Civil service trade unions have urged the Cabinet Office to write off overpayments made to hundreds of retired civil servants, after it emerged that pensioners were facing demands for hundreds, and in some cases thousands, of pounds.
An audit by pensions administrator MyCSP has so far found that some 12,000 civil service pensioners have been paid the wrong amount, some for several years. Up to 10% of them have been paid more than they should have. All are being adjusted to the correct level in what the Cabinet Office has called a series of revisions.
As well as having their pensions cut, up to 1,200 former officials who have been overpaid are being asked to pay back the extra money they have received. An investigation by CSW discovered some pensioners were facing demands of more than £8,000 at the same time as having their payments docked.
"It is not good enough for the scheme administrators to just demand repayment when these overpayments were a result of their own error,” Garry Graham, Prospect deputy general secretary, told CSW.
In March, the Cabinet Office said MyCSP would not seek to claw back £22m in payments that had arisen from a separate error involving a Guaranteed Minimum Pension miscalculation, and Graham said there was a “strong argument for these cases to be treated in the same way”.
“Even if the revised calculations are correct, there is no way the scheme members could have been aware of the errors and they may have spent the money already,” he added.
In letters sent to retired civil servants about the overpayments, MyCSP, which administers civil service pensions on behalf of the Cabinet Office, said it had calculated pensioners' benefit entitlements based on the information it had when they retired.
“Since then, we have received further information from your employer that shows a decrease in your pensionable earnings,” the letters said.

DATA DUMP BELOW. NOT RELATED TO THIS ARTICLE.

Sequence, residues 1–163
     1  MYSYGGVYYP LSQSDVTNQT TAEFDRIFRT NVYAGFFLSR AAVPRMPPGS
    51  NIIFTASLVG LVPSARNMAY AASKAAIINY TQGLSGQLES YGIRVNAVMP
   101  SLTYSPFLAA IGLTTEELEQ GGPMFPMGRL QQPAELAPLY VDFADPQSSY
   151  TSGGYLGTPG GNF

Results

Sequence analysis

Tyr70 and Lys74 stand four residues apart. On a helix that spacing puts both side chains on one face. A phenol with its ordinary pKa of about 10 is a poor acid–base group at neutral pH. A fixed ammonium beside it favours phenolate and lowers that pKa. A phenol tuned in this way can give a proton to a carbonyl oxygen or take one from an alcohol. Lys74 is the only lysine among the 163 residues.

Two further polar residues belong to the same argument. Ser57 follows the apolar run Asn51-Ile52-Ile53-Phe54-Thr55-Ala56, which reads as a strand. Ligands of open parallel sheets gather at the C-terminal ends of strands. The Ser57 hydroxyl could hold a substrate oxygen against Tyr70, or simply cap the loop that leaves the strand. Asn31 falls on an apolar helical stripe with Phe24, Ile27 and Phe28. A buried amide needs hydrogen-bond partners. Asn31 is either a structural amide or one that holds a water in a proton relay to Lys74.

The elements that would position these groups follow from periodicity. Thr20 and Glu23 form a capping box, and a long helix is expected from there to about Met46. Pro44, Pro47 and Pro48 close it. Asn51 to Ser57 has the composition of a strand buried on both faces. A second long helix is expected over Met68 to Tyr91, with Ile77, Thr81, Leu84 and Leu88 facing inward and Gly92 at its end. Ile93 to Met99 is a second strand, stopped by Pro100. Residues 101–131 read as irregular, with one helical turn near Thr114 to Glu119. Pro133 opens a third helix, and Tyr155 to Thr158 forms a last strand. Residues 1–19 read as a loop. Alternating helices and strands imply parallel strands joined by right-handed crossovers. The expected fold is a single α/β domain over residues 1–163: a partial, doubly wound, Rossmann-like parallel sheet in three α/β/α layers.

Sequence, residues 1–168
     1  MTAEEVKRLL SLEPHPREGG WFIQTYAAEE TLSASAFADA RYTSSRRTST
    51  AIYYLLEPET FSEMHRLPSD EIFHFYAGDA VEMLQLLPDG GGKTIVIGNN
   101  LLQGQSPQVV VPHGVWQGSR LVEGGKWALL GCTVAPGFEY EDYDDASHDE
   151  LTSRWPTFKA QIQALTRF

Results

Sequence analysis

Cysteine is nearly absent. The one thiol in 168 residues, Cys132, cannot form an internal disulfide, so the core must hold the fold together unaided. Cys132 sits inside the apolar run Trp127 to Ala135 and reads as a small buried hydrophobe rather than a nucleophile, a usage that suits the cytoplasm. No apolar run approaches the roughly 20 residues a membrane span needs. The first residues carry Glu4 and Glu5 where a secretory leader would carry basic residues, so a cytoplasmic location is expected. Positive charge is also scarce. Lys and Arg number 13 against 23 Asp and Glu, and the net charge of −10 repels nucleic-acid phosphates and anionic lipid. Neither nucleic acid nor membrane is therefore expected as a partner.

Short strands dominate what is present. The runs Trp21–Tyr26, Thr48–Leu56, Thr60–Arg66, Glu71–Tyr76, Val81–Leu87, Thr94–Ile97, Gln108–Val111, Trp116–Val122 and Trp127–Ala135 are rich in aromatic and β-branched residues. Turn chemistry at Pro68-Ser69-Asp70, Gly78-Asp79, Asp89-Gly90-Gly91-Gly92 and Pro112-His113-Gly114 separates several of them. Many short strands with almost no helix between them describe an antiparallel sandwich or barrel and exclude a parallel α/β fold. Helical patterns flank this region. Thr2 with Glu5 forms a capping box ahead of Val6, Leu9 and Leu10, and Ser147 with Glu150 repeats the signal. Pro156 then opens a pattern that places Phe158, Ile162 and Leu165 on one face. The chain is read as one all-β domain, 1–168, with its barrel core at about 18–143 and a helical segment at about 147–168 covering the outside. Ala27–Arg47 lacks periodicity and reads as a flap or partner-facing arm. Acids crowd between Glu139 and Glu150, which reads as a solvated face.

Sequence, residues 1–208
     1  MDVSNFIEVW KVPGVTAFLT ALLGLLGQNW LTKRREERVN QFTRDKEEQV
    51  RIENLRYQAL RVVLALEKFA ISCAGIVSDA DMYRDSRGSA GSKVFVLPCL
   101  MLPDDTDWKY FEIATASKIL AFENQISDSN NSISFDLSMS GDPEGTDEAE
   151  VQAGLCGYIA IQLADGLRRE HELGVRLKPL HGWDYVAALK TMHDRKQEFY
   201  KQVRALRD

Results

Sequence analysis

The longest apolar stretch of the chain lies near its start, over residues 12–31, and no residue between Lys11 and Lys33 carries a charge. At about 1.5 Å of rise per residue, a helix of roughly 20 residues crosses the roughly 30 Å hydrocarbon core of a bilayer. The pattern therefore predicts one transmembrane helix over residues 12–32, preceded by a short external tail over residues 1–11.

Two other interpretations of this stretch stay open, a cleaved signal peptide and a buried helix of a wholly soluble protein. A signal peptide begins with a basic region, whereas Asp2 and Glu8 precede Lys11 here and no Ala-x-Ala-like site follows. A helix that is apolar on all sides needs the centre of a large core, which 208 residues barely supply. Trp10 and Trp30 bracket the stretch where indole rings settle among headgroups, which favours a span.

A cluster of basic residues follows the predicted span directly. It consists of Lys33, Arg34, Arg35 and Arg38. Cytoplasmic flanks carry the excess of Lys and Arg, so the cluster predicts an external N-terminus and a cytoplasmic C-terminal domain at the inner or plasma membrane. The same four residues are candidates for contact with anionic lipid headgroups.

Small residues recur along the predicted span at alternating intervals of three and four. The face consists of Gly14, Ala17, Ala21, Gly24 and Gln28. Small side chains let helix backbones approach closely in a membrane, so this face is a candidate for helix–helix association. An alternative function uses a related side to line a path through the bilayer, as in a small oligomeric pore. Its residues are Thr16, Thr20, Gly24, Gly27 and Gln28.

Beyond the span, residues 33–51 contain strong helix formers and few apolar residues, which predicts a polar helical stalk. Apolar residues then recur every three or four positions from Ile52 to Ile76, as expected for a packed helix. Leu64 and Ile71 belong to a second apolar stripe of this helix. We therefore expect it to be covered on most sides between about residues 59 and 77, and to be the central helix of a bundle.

The Cabinet Office has since said that the errors came to light when MyCSP reviewed around 300,000 people’s pension entitlements. CSW understands more cases could emerge in future as MyCSP currently pays around 670,000 pensions. The administrator handles around 1.5 million current and former civil servants’ pensions altogether.
Simon Hardcastle, national pensions officer at the FDA, said the overpayments were evidence of “mismanagement of personal data by HR payroll departments” at public service employers, and that MyCSP had insufficient checks and balances in place to catch the errors earlier.
“Any overpayments should be written off and pensions in payment adjusted going forward as these compounded errors are not the fault of people in retirement,” he said.
Hardcastle also said the Cabinet Office and MyCSP should make sure pensioners who have been underpaid receive the money they are owed. The Cabinet Office told CSW that “over 90%” of the people affected by the revisions would see their pension rise as they had not been paid enough – suggesting 10,800 or more ex-civil servants could be in line to receive backpay.
Hardcastle urged the two organisations to work with civil service employers to compensate those who had been underpaid by offering them notional interest on the sums they are owed.
A spokesperson for the PCS union said it was seeking an urgent meeting with the Cabinet Office to discuss the matter. “This is extremely concerning for our associate and retired members,” they said.
A Cabinet Office spokesperson said: “Civil service HR departments provide and have provided all information necessary for pension administrators to correctly calculate retiring civil servants’ pensions.
“We continue to work hard with the current administrator to improve processes and ensure any discrepancies are kept to an absolute minimum.”
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